Posted on: April 3, 2022, 04:57h.
Last updated on: April 3, 2022, 06:04h.
Friday was supposed to be the deadline for New York to pass its fiscal year budget, but as was the case last year – and in other years as well – the state will not start the new year immediately with a spending plan. That also means that questions about potential expanded gaming opportunities will remain unanswered until next week at the earliest.
New York Gov. Kathy Hochul speaks at a March 2 event promoting her plan to make changes to the state’s Liquor Authority. Hochul said late last week that she was still working with legislative leaders on finalizing a budget that may include expanded gaming in New York. (Image: Flickr.com/GovKathyHochul)
Such issues as downstate casino licenses and additional sports betting licenses aren’t likely holding up the New York budget. There’s likely a litany of issues that still need to be addressed, ranging from Gov. Kathy Hochul’s plans for bail reform to the state’s funding for the new Buffalo Bills stadium. The latter calls for using money from the Seneca Nation of Indians gaming compact settlement to pay for most of the state’s share.
In a statement late Thursday afternoon, Hochul pretty much made it clear that there was still work that needed to be done regarding the budget. She said she was “committed to ensuring” it was a reflection of the state’s priorities and addresses its primary concerns.
She also said she would continue meeting with Senate Majority Leader Andrea Stewart-Cousins, D-Yonkers, and Assembly Speaker Carl Heastie, D-Bronx, in “good faith” negotiations.
“New Yorkers should know that progress is being made and that we will put in the time it takes to reach an agreement that delivers for them and moves our state forward,” Hochul said.
So, with a budget agreement not likely to be in place until Monday at the earliest, let’s take a look at the two main gaming issues most likely to be in the budget.
Conversations About Downstate Casinos
The most likely gaming item to be included in the final budget is the three final casino licenses in the state. Those are slotted to go to downstate locations. For the uninitiated, that means New York City; its northern suburbs in Orange, Rockland, and Westchester counties; and Long Island.
Some groups are pushing for two established gaming racinos – Empire City Casino in Yonkers and Resorts World New York City at Aqueduct Racetrack in Queens – to get two of the full-fledged licenses. Empire City and Resorts World currently offer video lottery terminals, which operate differently from Las Vegas-style slot machines. They also only have electronic table games, as opposed to live-dealer table games currently available at the four upstate casinos.
In 2013, New York voters approved a constitutional amendment that legalized commercial casinos. The initiative, though, intended to give the four upstate casinos a seven-year head start before the downstate licenses were awarded. That initially made the three licenses available in 2023.
However, state Sen. Joseph Addabbo, D-Queens, and Assemblyman Gary Pretlow, D-Mount Vernon, called for the licenses to be expedited by a year. The lawmakers who chair their chambers’ legislative committees on gaming have pushed for that because of what COVID-19 has done to the downstate economy. The thought behind that is, one, the license fees can bring billions into the state coffers in the next year, and two, the casinos will help create thousands of jobs in two sectors particularly hurt by the pandemic: construction and hospitality.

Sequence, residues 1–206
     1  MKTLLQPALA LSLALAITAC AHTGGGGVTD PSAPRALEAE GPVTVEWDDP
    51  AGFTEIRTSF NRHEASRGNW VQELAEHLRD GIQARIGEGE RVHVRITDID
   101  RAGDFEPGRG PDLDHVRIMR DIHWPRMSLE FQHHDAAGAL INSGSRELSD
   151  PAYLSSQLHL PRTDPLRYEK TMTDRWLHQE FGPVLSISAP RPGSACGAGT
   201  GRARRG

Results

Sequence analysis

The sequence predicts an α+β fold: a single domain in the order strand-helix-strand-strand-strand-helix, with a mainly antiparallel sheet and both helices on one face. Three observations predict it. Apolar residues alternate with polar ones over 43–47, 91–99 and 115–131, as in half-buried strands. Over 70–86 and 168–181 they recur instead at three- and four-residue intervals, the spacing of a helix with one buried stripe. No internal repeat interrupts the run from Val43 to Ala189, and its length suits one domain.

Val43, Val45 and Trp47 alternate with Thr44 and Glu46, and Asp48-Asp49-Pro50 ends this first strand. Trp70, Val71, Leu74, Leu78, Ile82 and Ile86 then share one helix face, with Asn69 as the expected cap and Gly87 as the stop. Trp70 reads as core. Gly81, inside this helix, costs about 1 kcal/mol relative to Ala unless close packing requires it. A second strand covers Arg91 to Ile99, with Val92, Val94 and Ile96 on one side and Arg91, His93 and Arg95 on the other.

In the past week, New York City Mayor Eric Adams has come out in support for the city to get two of the three licenses. In a series of tweets on Friday afternoon, he said that the downstate casinos could create a minimum of 16,000 jobs with most going to Big Apple residents.
The good jobs that come with a thriving tourism industry is a crucial component of bringing our city back,” the first-year mayor tweeted. “With our hotels down 50 percent due to the pandemic, accelerating and expanding downstate gaming options will help kickstart NYC’s comeback.”
Hochul’s budget proposal included the three casino licenses. So, too, did the Senate’s proposal. While the Assembly’s budget proposal did not include the casino licenses, Addabbo told Casino.org this past week that Assembly members have been engaged in talks with the governor’s office and Senate leaders on including the casino language in the budget.
More Sports Betting in Budget?
The other expanded gaming measure that could end up making the budget is another Addabbo-Pretlow proposal to increase the number of mobile sports betting licenses.
The two gaming committee chairs have expressed an interest in allowing more operators to enter the state. The solicitation borne from last year’s budget led to nine operators being approved (eight of those have launched since the Jan. 8 go-live date).
Both chambers’ budget proposals call for allowing up to 16 operators, which would mean as many as seven more could be added. The budget proposals call for the new operators to pay the same tax rate as the previously approved sportsbooks. That rate is 51 percent, but it’s possible the state may look to reduce the rate.
Addabbo told Casino.org he and other lawmakers are waiting to see what the financial analysis is on sports betting before moving forward.
“By increasing the number of operators and even maybe tinkering with the tax rate, we should only consider doing that if it makes fiscal sense for the state and to improve the product for the consumer in New York,” the senator said. “If it does not, then we should not move forward with that.”